Let's see if this helps:

Recall that a notation for the note group N_p was a k-tuple of vals

[u_1, ..., u_k], where k = pi(p) is the number of primes up to p, and

where the kxk square matrix we get by writing the vals as column

vectors is unimodular, meaning it has determinant +-1. We may call

this the *val matrix* for the notation; corresponding to it is a

*basis matrix* which is the matrix inverse of the val matrix. The

rows of the basis matrix are the basis notes of the notation, and it

may also be written as a k-tuple of rational numbers

(q_1, ..., q_k) where if q_i = [e_1, e_2, ..., e_k] we also write it

multiplicitively as the rational number q_i= 2^e_1 * 3^e_2 ... p^e_k.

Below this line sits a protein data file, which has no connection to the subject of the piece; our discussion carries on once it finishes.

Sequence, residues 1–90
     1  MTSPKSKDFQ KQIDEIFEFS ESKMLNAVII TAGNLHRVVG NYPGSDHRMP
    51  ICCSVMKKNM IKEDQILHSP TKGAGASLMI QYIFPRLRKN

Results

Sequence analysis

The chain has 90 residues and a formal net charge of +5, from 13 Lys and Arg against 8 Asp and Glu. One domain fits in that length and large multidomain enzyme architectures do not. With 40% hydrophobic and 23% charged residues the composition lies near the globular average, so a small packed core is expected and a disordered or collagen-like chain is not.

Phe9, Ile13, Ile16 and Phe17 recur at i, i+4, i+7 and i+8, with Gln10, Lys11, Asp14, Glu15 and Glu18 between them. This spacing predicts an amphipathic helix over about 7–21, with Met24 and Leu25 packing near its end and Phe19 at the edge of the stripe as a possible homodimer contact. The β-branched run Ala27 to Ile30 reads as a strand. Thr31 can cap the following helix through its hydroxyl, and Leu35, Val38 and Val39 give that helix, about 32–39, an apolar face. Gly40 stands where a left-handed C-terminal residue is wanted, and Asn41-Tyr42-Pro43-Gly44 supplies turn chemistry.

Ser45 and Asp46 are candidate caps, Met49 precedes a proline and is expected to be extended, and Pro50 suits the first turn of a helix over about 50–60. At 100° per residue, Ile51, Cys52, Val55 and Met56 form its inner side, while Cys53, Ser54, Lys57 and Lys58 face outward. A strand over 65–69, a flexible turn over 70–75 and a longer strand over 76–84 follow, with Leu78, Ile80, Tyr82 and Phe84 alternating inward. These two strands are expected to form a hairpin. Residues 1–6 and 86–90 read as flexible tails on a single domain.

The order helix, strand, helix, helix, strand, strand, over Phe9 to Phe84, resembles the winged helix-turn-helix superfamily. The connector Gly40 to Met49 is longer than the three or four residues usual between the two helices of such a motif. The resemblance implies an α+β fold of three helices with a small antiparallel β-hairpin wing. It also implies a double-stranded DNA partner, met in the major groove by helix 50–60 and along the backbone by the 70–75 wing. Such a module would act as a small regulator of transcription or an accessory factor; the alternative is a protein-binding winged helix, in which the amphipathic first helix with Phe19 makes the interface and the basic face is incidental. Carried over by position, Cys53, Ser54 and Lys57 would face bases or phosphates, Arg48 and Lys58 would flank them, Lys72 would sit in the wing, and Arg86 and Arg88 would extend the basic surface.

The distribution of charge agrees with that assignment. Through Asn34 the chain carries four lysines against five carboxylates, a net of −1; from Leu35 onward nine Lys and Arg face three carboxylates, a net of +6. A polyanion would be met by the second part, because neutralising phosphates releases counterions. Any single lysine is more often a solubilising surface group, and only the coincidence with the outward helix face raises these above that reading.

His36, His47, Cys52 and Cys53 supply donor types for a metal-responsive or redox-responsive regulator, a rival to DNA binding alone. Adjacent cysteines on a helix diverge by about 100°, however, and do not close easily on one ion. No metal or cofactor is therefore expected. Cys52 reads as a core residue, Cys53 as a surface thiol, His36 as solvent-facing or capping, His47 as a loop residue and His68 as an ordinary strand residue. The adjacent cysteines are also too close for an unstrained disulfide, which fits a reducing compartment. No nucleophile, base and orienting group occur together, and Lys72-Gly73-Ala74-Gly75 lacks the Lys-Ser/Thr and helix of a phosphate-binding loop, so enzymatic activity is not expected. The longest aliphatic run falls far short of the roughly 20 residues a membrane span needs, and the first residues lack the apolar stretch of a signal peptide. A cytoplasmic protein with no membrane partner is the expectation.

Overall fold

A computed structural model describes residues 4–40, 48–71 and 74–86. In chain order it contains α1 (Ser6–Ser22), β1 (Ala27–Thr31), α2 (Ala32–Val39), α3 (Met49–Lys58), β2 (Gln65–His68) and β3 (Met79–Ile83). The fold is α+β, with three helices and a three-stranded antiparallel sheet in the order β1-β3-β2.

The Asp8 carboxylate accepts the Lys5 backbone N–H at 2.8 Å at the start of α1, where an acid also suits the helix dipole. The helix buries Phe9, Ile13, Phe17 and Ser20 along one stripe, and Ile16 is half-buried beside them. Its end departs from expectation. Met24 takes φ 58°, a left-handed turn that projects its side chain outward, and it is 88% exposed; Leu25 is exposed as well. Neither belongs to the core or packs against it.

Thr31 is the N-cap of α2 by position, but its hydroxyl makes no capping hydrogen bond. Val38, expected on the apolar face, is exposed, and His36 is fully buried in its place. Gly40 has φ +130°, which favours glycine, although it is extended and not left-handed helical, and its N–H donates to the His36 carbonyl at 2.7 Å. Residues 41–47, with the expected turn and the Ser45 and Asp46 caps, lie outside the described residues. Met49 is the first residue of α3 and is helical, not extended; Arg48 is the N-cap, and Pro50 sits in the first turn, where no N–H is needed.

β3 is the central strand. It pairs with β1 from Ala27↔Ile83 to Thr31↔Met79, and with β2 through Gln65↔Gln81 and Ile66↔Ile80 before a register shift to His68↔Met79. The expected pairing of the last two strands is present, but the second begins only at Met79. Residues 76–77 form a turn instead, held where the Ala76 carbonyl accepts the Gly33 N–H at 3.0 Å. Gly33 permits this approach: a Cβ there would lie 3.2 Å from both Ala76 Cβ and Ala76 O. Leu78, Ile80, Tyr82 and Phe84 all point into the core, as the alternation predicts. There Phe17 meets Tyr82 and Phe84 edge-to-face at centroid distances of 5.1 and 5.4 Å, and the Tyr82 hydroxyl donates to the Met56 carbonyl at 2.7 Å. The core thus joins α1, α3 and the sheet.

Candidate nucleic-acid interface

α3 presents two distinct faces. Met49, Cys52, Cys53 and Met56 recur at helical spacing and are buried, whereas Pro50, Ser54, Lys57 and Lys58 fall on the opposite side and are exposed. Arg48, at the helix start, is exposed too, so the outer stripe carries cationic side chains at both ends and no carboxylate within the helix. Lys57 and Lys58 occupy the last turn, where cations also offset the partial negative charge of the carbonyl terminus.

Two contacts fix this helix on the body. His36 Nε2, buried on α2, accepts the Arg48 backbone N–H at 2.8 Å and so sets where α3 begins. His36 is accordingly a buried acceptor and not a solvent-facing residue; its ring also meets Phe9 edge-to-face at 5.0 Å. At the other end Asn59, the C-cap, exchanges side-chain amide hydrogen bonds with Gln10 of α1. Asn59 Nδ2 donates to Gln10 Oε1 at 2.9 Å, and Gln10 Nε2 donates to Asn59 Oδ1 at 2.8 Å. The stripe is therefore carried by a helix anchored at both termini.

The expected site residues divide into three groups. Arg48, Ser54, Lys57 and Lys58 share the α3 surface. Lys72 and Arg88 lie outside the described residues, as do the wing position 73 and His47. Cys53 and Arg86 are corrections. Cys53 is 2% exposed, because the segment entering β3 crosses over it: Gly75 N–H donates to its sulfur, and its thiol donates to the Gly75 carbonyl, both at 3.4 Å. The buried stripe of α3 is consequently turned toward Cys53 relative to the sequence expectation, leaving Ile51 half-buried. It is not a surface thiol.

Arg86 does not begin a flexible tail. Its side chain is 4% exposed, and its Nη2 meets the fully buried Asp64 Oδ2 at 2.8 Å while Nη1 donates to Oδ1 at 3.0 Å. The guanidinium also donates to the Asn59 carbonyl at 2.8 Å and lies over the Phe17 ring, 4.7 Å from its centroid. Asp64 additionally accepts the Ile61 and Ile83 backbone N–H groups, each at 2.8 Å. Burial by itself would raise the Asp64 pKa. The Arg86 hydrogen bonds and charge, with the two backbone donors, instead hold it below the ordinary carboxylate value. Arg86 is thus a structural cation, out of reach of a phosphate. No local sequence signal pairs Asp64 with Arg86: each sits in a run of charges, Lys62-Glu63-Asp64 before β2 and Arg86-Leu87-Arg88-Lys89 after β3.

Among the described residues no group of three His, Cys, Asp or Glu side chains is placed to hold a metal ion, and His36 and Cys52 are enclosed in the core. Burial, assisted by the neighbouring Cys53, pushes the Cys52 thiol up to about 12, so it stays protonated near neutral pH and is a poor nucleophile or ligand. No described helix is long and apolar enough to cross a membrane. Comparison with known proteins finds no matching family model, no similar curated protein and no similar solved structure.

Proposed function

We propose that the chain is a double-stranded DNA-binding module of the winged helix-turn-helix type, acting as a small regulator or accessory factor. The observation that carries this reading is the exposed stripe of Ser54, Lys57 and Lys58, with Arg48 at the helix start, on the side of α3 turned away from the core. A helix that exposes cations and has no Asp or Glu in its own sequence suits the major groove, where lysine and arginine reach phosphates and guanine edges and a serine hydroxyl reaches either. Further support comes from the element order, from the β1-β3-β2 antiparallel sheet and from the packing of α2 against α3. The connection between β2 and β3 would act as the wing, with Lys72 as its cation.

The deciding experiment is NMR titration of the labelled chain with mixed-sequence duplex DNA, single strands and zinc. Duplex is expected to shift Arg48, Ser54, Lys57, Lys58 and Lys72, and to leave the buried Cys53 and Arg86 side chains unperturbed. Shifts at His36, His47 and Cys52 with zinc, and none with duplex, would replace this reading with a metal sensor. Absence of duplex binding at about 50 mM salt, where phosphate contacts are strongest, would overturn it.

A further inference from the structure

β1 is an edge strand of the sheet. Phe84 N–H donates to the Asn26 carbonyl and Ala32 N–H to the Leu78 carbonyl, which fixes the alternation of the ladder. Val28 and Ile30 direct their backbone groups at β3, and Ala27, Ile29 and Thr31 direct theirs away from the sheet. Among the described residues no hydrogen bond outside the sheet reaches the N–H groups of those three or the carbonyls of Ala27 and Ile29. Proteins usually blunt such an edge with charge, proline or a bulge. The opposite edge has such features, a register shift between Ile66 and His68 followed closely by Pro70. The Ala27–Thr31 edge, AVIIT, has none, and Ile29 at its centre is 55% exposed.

We then have for any prime r <= p

r = q_1^u_1(r) * q_2^u_2(r) * ... q_k^u_k(r),

so that anything which can be written as the product of the first k

primes can also be written as the product of q_1, ..., q_k; that is,

both are a basis for the note group N_p.

I just downloaded Graham's midiconv program, and he is doing this

sort of thing in his tun files. For instance, in 12from31.tun we find

the matrix

[-3 -1 2]

[ 7 0 -3]

[-4 4 -1]

which is a basis matrix (since it is unimodular.) Inverting it we get

the val matrix

[12 7 3]

[19 11 5]

[28 16 7],

which is the notation [h_12, h_7, h_3]. If you look at Graham's file

you will see he is using this notation.

Every note in N_5 can be expressed in terms of this notation as

q = (25/24)^h_12(q) * (128/125)^h_7(q) * (81/80)^h_3(q)

just as it can also be written

q = 2^v_2(q) * 3^v_3(q) * 5^v_5(q),

where v_2, v_3 and v_5 are the 2-adic, 3-adic and 5-adic valuations

of number theory.

Suppose now we want to temper out 81/80, so that we will write the